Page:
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Posted On: 27 August 2011 10:36 am
Updated On: 12 November 2020 02:11 pm

WHO gives top marks to water quality in Qatar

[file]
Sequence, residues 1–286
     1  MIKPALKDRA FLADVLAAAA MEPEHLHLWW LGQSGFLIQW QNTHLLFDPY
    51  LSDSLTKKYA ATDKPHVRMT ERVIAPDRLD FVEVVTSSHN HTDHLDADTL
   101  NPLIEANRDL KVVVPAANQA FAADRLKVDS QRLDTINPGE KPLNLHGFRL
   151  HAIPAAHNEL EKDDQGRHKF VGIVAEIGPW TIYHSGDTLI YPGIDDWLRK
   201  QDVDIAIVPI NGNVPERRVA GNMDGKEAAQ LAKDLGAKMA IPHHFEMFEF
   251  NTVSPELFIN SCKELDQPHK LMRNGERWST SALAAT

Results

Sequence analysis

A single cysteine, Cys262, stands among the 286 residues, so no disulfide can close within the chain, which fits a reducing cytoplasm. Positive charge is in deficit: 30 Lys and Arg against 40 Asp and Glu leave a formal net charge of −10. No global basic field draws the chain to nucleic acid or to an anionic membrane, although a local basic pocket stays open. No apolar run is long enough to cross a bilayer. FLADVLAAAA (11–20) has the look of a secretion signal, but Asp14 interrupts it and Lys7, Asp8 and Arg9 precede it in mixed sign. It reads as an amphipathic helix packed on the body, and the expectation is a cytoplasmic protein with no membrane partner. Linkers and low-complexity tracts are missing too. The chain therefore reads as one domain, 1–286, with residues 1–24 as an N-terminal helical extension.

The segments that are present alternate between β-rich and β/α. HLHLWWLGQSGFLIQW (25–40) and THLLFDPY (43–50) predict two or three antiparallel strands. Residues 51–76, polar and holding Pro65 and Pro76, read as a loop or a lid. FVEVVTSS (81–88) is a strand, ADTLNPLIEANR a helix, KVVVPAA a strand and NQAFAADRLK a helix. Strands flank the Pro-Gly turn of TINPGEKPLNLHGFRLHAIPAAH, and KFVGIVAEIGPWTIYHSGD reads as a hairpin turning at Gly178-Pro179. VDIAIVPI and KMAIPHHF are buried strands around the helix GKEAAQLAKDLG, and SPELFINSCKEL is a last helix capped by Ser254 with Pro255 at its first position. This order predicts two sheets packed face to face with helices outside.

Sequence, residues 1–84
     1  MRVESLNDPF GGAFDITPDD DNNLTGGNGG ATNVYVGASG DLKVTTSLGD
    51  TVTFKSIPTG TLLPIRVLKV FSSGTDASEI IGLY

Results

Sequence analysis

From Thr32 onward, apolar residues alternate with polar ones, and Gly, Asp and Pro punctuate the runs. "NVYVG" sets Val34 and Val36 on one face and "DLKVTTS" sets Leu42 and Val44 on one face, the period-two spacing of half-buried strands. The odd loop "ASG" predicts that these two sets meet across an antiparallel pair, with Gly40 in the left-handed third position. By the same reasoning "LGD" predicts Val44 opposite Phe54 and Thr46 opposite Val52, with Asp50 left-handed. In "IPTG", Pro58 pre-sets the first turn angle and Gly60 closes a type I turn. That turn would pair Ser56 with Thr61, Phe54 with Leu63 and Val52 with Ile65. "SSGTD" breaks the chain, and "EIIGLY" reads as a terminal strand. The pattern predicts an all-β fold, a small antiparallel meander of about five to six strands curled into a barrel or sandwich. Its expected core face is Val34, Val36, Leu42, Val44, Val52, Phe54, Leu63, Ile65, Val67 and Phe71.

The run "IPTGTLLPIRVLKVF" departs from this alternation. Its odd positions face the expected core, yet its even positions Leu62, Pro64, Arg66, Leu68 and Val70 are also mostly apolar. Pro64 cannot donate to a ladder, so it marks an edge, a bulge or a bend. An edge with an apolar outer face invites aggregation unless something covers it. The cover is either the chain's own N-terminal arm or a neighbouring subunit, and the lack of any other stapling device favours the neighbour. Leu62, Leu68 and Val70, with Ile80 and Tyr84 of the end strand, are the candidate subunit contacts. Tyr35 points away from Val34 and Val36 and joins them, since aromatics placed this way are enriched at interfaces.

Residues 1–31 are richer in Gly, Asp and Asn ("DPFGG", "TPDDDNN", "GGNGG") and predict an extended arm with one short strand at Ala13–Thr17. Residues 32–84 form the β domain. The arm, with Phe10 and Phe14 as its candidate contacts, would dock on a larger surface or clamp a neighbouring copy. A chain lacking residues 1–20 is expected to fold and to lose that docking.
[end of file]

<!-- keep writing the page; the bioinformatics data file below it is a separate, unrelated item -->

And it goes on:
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The World Health Organisation (WHO) has put its stamp of approval on the quality of desalinated water produced and distributed in Qatar through a vast pipeline network that criss-crosses the country. Among the countries that rely on desalinated water, the water in Qatar is the best, the WHO said in a report, a local Arabic daily said yesterday. The total production capacity for desalinated water has reached a staggering 110 million gallons per day in the country. The capacity of Ras Qirtas in the North is 65 million gallons per day while the capacity of Ras Abu Fontas in Doha is 45 million gallons per day, the daily said. And a highlight is that Qatar recently introduced one of the world’s most advanced technologies to monitor the quality of the desalinated water distributed through its pipeline network. A National Control Centre has been set up and the monitoring programme is being launched in two phases. The first phase consists of plans to monitor the pipeline network. The centre is technologically so advanced that if there is a problem anywhere in the network it would be instantly identified. An emergency repair team would be immediately dispatched to the site and it would fix the problem at the earliest. Such repair work is planned to be so fast that by the time the consumers realises that there is a problem that needs to be fixed, the emergency team would have carried out the repair. Old pipeline networks in the country have already been replaced with new ones, the daily said. The second phase of the plan comprises fixing problems like leakages. The centre will immediately detect any leakage in the pipeline anywhere in the entire network. An instant report would be sent out to the departments concerned and a team would reach the spot and fix the problem, the daily said. The above monitoring system that is being put in place is the first of its kind to be introduced in any Middle Eastern or GCC country. It plans to monitor the quality of water being produced, the distribution network as well as the pressure at which the water flows in the network. There are in all 23 pumping stations in the country, with an estimated 145 pumping sub-stations.